Spring Yellow

I have been fortunate these days doing some freelance work in the city working with several very talented local floral designers. One in particular was out-of-town and asked if I might help out with a restaurant account earlier this week. What a delight being at the SF Flower Market at 8 a.m. which is way late in the floral world (most are there picking and choosing by 5 a.m.). I am also marveled walking among the endless stalls and mazes. The selection is unsurpassed (maybe except by Holland’s huge flower warehouses where people come far and wide to bid on fresh cuts).

I simply picked up the flowers ordered and took them back to the restaurant (known for its fried green beans) to arrange them. I love the monochromatic yellow. So bright and vibrant, perfect for this time of year when the sun seems to peek and hide at will. The arrangement includes: Dogwood branches, Protea, lemon on the vines and French Tulips.

Above is a spring arrangement I did over the weekend in celebration of our friend’s special Birthday weekend that lasted 4 days. What a great time we had and flowers were everywhere. Not pictured are many bunches of tulips and large stalky blue Delphinium. I just love Delphinium, the color is wonderful. And funny enough, none of the flowers included were plucked off the side of the road or on a daily hike. Yes, they were all purchased at a local florist down on Bridgeway. The arrangement includes: Freesia, Iris, Marguerite Daisy, Bupleurum and its leaves.


Dahlias, Dahlias, Dahlias. How I  love thee…

I did some freelance work with a lovely floral designer in SF. After the event she was kind enough to send me away with 3 bunches of Dahlias! I just about fell over with happiness. If it isn’t apparently obvious yet, I am mad for Dahlias! They have to be my favorite flower. Love, love , love them!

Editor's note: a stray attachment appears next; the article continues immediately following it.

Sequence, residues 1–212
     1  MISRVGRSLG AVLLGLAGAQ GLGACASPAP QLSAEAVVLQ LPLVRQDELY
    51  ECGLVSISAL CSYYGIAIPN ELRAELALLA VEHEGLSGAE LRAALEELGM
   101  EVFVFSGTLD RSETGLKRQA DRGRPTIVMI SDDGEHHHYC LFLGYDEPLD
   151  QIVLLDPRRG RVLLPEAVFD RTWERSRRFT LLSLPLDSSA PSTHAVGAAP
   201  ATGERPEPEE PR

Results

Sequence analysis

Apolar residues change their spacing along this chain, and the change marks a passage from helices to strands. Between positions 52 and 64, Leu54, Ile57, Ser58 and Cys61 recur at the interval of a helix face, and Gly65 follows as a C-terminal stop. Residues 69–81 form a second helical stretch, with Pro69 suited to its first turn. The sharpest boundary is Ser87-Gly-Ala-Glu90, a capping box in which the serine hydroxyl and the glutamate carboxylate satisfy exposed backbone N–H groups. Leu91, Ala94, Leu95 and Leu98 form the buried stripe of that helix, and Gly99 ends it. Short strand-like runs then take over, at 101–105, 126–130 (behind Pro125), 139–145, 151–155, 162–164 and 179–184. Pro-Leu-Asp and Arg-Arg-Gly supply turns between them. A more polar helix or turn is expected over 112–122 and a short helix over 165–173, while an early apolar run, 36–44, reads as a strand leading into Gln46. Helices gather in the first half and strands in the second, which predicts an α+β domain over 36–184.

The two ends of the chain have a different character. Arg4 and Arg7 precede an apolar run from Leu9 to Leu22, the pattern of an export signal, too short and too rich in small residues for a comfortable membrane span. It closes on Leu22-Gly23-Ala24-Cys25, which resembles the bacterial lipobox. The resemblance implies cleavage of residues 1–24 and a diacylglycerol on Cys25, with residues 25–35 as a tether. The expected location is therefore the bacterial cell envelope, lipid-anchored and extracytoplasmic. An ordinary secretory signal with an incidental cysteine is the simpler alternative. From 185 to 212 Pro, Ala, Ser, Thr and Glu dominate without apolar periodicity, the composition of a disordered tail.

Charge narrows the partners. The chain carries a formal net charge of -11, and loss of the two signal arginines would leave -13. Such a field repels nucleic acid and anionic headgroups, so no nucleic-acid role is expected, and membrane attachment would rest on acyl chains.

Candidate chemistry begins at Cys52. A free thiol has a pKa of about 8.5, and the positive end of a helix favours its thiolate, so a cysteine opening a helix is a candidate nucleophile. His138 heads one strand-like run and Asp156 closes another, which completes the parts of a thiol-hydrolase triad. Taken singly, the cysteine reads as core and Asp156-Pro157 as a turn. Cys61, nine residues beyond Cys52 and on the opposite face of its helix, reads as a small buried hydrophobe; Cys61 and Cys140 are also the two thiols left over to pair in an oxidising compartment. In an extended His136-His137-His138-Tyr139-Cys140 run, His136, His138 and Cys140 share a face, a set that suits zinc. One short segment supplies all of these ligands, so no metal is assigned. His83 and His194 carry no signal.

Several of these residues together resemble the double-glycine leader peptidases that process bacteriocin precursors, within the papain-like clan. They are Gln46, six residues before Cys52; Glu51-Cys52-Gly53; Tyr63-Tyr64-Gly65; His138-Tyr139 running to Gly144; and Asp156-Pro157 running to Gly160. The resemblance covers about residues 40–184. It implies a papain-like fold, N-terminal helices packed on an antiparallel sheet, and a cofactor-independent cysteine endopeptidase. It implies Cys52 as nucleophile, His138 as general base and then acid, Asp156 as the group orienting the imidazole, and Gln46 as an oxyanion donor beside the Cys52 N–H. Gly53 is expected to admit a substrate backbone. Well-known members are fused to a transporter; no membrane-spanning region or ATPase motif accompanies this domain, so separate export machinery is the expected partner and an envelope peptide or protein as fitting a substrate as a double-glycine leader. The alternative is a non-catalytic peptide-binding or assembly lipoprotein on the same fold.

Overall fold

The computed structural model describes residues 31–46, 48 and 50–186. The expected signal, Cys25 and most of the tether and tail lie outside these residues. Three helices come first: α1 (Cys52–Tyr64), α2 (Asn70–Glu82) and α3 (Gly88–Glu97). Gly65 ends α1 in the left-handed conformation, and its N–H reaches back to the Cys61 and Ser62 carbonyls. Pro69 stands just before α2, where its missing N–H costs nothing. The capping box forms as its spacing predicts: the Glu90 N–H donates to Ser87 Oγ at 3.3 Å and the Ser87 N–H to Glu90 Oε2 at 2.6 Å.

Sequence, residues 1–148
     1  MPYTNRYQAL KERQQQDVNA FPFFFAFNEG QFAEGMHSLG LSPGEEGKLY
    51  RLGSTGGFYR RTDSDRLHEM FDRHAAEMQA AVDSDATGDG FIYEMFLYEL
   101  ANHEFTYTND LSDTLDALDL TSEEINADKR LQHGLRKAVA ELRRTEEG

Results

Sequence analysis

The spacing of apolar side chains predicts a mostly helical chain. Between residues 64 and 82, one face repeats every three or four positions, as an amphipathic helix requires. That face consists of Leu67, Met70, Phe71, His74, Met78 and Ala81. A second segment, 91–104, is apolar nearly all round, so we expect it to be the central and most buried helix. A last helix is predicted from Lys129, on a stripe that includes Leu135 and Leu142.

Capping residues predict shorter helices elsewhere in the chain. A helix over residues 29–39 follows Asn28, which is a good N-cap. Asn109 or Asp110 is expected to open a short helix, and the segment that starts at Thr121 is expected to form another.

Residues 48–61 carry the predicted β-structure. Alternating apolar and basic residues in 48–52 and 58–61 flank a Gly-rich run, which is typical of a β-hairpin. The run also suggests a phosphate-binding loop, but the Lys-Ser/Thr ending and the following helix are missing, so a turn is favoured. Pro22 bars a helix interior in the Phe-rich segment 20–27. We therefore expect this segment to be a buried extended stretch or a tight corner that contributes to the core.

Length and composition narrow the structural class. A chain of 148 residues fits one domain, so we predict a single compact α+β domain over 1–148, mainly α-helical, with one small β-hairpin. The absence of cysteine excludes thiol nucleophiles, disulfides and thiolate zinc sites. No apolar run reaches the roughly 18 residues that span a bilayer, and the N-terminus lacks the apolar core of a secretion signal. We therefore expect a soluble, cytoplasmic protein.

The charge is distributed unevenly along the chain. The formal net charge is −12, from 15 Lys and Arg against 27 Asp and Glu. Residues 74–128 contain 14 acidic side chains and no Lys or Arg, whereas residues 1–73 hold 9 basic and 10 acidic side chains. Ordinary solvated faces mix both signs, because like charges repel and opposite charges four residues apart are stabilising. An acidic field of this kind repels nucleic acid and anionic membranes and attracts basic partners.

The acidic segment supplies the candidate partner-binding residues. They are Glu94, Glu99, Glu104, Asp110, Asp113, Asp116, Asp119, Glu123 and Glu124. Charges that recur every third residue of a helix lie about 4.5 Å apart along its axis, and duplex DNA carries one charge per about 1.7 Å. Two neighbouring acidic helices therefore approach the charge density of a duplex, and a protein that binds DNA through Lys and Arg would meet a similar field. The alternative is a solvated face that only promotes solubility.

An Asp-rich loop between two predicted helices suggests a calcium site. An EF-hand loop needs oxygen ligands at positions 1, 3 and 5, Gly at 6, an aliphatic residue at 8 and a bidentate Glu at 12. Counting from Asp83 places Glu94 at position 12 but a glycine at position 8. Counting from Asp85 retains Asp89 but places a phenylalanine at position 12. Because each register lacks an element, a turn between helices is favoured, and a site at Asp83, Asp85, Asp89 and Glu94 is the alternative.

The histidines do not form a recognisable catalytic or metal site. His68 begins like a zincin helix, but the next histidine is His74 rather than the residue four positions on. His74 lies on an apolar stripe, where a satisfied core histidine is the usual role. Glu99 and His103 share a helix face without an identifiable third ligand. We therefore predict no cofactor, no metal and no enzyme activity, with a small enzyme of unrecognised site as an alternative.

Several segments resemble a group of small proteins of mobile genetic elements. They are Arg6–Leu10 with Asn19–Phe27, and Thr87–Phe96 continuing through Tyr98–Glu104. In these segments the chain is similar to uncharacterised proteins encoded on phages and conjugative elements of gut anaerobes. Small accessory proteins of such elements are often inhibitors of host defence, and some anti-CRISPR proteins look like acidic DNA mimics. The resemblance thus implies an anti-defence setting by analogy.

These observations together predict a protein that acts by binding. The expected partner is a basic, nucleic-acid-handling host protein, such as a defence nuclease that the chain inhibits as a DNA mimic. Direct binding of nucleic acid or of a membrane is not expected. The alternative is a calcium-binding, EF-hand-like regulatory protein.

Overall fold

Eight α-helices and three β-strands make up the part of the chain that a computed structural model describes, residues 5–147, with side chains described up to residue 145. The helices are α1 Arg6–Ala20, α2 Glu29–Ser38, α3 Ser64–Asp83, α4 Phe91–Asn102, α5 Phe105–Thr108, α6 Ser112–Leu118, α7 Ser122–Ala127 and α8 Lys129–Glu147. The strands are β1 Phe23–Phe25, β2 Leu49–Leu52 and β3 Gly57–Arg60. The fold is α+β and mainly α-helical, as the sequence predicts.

As you can tell by the numerous images…

There were also a few open peonies left and I got to take those too. They look cute short in short glasses. Incidentally I also use these glasses for tea lights an even to bake pot de creme in. Not sure where they came over. Perhaps the World Market?

Simple stems

Back yard leaf. I’m not sure what branch from what tree this is, but I plucked it because of the shape. It has a lot of character and looks great on the mantle.

The previous week’s Coral charm Peonies have begun to open and fade.. Does charm fade? I think not! It only opens and transforms into a new beauty. And not wanting to completely discard an already opened bloom, I salvaged a pink flowering branch and a peony by floating them in a bit of shallow water. This lasted at least 3 days.

Peonies and Nasturtium

I had a lovely time working at a florist in the city over Mother’s Day weekend. I really enjoy working this major floral holiday because it’s in Spring time and the selection is usually incredible. As well, it’s a celebration of Mothers and people are happy and appreciative and want the very best for the Moms in their family. It was wonderful to be surrounded by bunches of Tulips, varieties of Hydrangea, Dog wood branches, Vanda Orchids, Anemones, Lilac, Ranunculus, and Peonies. Oh yes Peonies, in shades of Burgundy, White, Pink, Coral and even pale yellow(the priciest at 16/stem). I love Peonies, they have to be one of my favorite flowers, so while out grocery shopping early in the week I happened upon a bunch at a really great price and couldn’t resist. After all it has been quite some time since I’ve purchased flowers. I am enjoying these coral charm Peonies, immensely. They make me very happy.

While on a hike I stumbled upon a lovely large tree with tiny pink blooms. I’m not sure what it is but it works really well with my Peonies.

Last weekend we went out to dinner and I couldn’t resist this viney plant with orange flowers hanging over the car in the lot we parked in. It was dark at the time so I couldn’t tell what exactly was but I took some home. It is so flexible and I arranged it casually in a short vase. A friend came by a few days after and said :

“I like what you’ve done with the Nasturtium”. Ah, Nasturtium, glad to meet you again and edible as well. What a delight. I see a salad in my future.